parties have also met difficulties in achieving results:
- President Obama – who, in his
speech in Cairo (May 2009), made an extraordinary commitment to
the Middle East and did not hide American frustration with the rigidities
and behaviour of the Netanyahu government. American-Israeli relations
have experienced moments of great tension, particularly during the
visit of Vice-President Biden to Israel. To bolster the action of
President Mahmoud Abbas, the American administration has decided
to grant aid of US$400 million for the Palestinian National Authority.
- The Quartet, which in these last months has acted intensively,
met in Moscow during the crisis, called upon the Israeli Government
to lift the blockade of Gaza and suspend further settlements, and
urged the parties to resume the course of negotiations.
- The United Nations Secretary General made the same plea.
- The President of the European Union, its High Representative
for Foreign Affairs and Security Policy and the European Union Foreign
Affairs Ministers did not conceal their frustration and, reiterating
the European Union declaration of December 2009, urged the parties
to show more co-operation.
36 Pope Benedict XVI, in his address to the Special Assembly
for the Middle East of the Bishops’ Synod, also issued an appeal
for an urgent, shared international effort before the conflict led
to a greater bloodshed.
37 In order to help overcome the crisis, the foreign ministers
of France, Italy and Spain have proposed to strengthen the European
civil mission, already in place at the Rafah crossing, by extending
its presence to all points of access by land and sea tasked with
ensuring that the reopening of access to Gaza is done safely for Israel.
38 Despite the crisis, at the beginning of May 2010, indirect
“proximity” talks began between the Israelis and Palestinians, mediated
by the American Special Envoy for the Middle East, George Mitchell,
with the objective of overcoming mutual prejudices and creating
conditions to go forward with direct talks. It is positive that
neither the Palestinian Authority nor the Israeli Government have
demanded the suspension of the talks, due to the incident of the
39 I should emphasise here the value of the “Call for reason”
(JCall) by a large number of personalities of the Jewish world,
who urged the Israeli Government to take a courageous and unequivocal
path towards a negotiated peace with the Palestinians.
40 The Iranian affair weighs on the present critical situation.
Negotiations with the international community have not produced
the expected results up to now and the Security Council has adopted
a new package of sanctions. Furthermore, President Ahmadinejad and
his entourage pursue a violent anti-Israeli campaign and support
Hamas and the more radical sectors of the Palestinian world. On
the other hand, Israel has made no secret about a possible military
option against Iran’s uranium enrichment facilities, for which –
according to press reports – it would have secured from neighbouring
countries the possibility of using air corridors.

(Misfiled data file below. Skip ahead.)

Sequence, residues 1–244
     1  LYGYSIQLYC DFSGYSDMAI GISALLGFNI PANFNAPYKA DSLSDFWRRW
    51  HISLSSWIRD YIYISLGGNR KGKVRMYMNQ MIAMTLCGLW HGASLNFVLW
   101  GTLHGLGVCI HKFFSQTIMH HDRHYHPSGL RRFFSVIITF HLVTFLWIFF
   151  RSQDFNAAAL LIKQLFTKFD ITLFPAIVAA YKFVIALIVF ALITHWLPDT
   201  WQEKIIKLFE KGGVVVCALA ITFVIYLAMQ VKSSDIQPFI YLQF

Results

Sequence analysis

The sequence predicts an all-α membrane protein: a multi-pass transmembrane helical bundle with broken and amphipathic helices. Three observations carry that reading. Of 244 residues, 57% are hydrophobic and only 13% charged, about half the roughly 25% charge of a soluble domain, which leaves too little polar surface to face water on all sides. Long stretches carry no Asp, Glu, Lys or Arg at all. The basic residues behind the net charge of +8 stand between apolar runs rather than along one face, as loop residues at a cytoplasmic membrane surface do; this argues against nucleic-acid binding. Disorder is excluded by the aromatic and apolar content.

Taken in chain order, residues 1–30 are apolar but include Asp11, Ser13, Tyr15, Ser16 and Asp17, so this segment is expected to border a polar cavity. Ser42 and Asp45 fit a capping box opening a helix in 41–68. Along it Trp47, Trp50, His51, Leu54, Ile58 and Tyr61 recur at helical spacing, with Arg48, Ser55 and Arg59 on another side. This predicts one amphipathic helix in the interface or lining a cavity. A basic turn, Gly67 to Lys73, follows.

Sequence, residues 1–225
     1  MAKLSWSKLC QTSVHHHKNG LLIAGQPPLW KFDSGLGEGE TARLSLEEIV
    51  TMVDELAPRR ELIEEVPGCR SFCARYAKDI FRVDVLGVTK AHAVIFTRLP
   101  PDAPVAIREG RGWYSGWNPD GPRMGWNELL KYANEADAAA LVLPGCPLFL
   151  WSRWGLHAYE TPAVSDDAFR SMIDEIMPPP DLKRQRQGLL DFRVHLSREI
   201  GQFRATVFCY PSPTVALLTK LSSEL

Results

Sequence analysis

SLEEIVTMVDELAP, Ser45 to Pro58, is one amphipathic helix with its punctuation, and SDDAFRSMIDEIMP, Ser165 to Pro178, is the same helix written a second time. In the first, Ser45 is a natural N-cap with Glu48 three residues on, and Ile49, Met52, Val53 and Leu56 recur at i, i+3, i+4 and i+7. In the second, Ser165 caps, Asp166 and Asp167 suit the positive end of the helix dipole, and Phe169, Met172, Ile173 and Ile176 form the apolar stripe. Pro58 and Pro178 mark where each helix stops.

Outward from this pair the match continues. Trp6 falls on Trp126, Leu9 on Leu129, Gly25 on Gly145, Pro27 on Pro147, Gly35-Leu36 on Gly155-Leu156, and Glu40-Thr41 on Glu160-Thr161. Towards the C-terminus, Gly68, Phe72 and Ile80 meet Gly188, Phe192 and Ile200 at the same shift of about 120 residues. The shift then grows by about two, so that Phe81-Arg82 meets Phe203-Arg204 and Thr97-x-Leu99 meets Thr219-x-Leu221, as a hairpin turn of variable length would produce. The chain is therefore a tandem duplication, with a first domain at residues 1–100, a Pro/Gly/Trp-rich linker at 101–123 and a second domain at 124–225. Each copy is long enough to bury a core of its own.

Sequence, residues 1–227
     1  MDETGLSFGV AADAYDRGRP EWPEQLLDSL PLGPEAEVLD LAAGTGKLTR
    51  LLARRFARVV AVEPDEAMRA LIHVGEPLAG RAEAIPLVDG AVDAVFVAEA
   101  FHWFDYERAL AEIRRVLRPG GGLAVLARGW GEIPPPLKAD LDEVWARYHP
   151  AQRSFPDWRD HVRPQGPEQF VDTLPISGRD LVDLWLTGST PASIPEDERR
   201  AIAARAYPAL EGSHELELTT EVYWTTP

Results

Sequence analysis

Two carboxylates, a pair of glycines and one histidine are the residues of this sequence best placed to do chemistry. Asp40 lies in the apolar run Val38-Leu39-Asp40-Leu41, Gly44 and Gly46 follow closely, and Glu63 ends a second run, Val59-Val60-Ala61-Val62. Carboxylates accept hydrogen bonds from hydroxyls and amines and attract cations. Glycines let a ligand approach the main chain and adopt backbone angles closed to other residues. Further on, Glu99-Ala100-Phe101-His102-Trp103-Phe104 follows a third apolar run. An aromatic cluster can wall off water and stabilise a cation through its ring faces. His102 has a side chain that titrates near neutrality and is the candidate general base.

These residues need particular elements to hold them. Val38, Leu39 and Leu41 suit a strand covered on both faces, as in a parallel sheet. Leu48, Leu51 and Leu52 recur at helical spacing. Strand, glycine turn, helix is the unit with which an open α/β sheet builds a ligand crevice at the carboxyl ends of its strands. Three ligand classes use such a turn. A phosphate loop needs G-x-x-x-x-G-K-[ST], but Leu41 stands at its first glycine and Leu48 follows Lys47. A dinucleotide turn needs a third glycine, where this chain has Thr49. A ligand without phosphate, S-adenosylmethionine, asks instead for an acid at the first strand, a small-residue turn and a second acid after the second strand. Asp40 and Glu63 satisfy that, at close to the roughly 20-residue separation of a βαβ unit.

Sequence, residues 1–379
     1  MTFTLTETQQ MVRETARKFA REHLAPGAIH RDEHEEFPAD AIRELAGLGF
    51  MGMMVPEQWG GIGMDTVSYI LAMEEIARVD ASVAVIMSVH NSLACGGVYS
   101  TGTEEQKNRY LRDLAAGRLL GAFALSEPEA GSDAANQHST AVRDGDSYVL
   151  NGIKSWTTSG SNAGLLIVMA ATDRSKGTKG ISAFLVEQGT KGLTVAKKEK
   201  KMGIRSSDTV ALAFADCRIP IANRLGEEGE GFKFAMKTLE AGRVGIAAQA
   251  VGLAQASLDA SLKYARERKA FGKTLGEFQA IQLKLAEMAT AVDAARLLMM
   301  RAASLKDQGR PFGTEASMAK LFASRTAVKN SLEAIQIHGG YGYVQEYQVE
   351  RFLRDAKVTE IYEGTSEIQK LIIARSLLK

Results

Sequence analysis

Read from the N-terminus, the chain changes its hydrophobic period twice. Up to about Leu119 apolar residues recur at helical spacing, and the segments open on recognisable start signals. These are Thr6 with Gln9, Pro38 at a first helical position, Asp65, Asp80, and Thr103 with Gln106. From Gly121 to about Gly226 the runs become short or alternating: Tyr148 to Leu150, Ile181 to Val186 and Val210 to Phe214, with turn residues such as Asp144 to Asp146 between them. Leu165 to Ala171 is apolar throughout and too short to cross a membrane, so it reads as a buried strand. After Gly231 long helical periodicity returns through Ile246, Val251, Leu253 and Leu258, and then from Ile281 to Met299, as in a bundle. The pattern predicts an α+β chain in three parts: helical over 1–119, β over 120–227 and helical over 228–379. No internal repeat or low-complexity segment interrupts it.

41 It is clear that the seriousness of the attack on
the flotilla requires a firm, unambiguous and transparent investigation
of all the facts to determine individual and collective responsibility.
It is the responsibility of Israel not to reject this demand from
the international community.
42 Israeli actions have met with general condemnation by the
international community and public opinion increasing therefore
the isolation of Israel, a situation on which the authorities should
43 This crisis also calls to mind the binding nature of the principles
and prescriptions of international law by which each state must
temper its action, as well as emphasising that the use of force
and the right to defence cannot infringe the principle of proportionality.
44 This crisis demonstrates the extent to which point Gaza is
one of the most critical issues in the Israeli-Palestinian conflict:
first the blockade, which, since 2007, oppresses the lives of one
and a half million people; then the Israeli operation “Cast Lead”
in January 2009, which resulted in victims and devastation; now,
the incident of the flotilla. Everything indicates the urgent need
to suppress the blockade of Gaza as soon as possible, to ensure
free access – by land and sea – by ensuring the entry of all items
required for a normal life and for the development of economic and
social activities, this leading to a reduction in political tension.
45 The end of the blockade of Gaza cannot, of course, ignore
the security needs of Israel, which would be secured by strengthening
prevention and control mechanisms to prevent the entry of weapons
and illicit material.
46 Above all, this most recent episode shows that time does not
work in favour of peace and, indeed, the effect of the passing years
without ever achieving a solution has aggravated frustrations and
radicalisation and undermines – in particular among the new generations
– the credibility of the peace process.
47 It is therefore urgent to promote the resumption of dialogue
and negotiations between Israelis and Palestinians to arrive at
the only possible peace, founded on the existence of an independent,
viable and contiguous Palestinian state alongside a recognised state
of Israel. The indirect “proximity” talks advocated by American
Envoy Mitchell are a valuable opportunity that should be encouraged
so that the way to direct negotiations can be opened as early as
48 Commitment and responsibility are a priority of the international
community and its institutions – including the Council of Europe
– should act decisively to restart the peace process, facilitating
the resumption of dialogue between the parties and finally giving
these people and these lands stability, security, rights and a harmonious coexistence.